Blogger Bret Terrill, who’s been doing some totally excellent analysis of the social gaming space recently, wrote a post recently on whether cross-promotion works for games. His take:
So how do you effectively cross-promote a game?
By genre. Make sure that players of one game will actually want to play the other game. For instance, there’s a significant overlap of users between Scrabulous and Scramble because they are both word games. Yes, it’s shocking. People who like to play one word game also like to play another word game. However, they are not necessarily going to want to play Chess. Or Speed Racing.
By demographic. Courtesy of the casual game industry, we know that women like card, puzzle, word, and quiz games. And men like action and strategy games. Obviously there are exceptions, but as a general rule, these stereotypes hold. Use them to your advantage.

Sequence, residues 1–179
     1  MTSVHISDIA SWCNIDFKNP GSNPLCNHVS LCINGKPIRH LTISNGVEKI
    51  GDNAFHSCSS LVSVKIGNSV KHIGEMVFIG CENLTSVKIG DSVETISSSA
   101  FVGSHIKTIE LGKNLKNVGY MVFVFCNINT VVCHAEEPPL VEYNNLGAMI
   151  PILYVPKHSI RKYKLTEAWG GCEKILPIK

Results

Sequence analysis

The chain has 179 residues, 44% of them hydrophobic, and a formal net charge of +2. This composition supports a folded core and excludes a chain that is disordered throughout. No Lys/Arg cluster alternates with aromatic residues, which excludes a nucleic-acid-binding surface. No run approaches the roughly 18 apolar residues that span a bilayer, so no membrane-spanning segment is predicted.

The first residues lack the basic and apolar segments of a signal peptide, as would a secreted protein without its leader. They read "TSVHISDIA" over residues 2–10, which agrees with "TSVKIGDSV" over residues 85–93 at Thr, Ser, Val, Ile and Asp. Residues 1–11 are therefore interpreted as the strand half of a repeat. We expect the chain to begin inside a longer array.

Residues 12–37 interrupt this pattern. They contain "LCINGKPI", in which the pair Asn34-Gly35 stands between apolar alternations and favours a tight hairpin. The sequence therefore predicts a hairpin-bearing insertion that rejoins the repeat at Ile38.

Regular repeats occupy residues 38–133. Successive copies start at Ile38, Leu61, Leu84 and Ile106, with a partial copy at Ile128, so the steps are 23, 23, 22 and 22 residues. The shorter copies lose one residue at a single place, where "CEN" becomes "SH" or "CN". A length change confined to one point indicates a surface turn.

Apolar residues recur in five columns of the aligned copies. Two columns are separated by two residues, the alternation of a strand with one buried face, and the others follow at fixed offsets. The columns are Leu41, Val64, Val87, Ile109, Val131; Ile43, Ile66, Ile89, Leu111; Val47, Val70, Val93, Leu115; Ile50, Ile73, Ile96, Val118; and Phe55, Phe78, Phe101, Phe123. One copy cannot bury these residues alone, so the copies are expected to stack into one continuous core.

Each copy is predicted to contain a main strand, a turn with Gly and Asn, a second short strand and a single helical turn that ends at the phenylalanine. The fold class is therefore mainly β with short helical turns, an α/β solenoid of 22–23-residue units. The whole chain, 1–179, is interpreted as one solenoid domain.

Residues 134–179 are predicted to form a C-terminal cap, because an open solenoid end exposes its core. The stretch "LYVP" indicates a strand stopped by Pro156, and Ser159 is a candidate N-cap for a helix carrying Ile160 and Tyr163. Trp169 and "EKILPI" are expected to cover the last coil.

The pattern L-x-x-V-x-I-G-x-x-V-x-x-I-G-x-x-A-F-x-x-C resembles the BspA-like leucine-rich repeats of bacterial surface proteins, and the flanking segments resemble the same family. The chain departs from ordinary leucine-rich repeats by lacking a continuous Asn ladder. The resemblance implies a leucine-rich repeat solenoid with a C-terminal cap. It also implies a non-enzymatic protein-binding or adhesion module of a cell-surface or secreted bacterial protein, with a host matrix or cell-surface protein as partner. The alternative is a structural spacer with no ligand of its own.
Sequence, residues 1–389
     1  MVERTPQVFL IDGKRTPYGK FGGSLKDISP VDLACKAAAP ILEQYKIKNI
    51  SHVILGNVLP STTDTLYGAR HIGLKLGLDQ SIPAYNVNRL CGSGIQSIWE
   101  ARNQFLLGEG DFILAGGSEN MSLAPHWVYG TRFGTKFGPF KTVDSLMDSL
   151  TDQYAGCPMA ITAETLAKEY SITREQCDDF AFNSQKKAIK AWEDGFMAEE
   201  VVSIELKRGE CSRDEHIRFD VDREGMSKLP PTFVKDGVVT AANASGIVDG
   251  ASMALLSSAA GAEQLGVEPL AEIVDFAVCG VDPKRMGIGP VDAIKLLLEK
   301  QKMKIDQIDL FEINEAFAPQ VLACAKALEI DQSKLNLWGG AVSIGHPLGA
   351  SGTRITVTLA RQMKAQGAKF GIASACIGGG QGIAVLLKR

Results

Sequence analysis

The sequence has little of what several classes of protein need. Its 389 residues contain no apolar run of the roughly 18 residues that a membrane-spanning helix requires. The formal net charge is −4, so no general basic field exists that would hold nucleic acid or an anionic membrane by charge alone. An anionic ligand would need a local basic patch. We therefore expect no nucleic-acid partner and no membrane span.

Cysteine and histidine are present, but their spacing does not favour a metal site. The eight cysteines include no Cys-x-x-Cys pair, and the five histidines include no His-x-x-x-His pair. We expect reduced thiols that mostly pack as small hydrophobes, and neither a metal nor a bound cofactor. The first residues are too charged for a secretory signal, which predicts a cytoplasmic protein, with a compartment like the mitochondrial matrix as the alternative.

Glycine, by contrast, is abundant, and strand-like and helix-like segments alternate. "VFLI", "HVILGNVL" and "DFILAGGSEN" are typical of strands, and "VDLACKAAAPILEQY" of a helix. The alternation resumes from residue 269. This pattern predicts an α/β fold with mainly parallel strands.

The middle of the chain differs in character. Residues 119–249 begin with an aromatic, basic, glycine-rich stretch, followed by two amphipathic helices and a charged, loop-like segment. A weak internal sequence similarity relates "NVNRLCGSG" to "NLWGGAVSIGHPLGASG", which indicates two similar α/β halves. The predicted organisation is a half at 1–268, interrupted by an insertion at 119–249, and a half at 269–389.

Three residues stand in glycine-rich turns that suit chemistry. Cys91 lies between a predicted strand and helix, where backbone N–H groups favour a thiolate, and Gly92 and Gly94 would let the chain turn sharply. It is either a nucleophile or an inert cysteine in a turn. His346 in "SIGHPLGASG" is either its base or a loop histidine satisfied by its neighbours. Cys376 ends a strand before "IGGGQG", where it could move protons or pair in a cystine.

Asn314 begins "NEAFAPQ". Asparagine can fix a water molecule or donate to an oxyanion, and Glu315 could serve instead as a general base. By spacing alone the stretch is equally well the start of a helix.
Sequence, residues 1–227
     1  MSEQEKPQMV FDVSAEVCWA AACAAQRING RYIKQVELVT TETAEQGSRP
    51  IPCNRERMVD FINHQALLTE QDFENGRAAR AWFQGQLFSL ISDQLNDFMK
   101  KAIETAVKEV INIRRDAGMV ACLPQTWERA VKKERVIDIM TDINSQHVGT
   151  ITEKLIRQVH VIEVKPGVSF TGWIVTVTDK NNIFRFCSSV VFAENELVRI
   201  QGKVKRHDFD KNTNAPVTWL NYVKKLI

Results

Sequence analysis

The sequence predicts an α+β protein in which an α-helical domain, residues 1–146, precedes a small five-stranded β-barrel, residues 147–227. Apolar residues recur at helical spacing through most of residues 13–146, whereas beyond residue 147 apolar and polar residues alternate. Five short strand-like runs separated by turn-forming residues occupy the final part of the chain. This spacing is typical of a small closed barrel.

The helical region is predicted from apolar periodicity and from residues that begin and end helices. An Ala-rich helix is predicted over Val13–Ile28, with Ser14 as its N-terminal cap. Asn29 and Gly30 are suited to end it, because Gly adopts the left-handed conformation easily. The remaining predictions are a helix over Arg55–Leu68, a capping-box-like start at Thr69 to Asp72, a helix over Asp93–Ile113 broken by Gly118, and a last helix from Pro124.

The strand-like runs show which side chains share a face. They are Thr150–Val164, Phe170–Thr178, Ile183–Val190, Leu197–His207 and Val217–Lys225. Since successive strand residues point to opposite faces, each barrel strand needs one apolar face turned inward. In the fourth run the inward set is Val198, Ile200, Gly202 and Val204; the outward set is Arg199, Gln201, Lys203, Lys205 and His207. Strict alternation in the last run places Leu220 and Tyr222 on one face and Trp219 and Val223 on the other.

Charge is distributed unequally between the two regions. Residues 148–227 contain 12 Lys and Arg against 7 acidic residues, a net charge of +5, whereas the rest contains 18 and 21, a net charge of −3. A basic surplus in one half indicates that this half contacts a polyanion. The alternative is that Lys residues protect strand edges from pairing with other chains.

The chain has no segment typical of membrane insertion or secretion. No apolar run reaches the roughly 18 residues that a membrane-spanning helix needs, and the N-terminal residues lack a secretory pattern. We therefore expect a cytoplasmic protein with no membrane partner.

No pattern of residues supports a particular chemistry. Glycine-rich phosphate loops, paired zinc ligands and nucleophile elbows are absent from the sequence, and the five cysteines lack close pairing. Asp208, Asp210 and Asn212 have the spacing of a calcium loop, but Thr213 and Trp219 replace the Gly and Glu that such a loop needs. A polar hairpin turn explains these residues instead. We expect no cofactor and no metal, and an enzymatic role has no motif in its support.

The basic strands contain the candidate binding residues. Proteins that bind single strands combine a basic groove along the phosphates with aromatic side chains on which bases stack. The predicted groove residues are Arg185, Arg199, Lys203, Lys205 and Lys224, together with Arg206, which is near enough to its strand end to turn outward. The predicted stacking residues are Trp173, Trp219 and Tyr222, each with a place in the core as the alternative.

These make a lot of sense, but they’re also not unique to the social platform world. Are there ways that knowledge of the social graph could enhance cross promotion conversion rates significantly?
Some initial ideas:
- Synchronicity – “Your friend Jimmy is playing XXX right now. Do you want to join in?” This was a big part of what worked for us at Xfire in the beginning. (Would be a killer Facebook Chat API use case.)
- Multi-player recruiting – “Joe, Jane, and Jim will soon need a 4th player to join their group so they can achieve XXX in XXX game.”
- Endorsements – Simply applying the Social Ads concept to your game bar more explicitly
Will these get you offer some genre or demographic barriers, or will they only get you second order effects?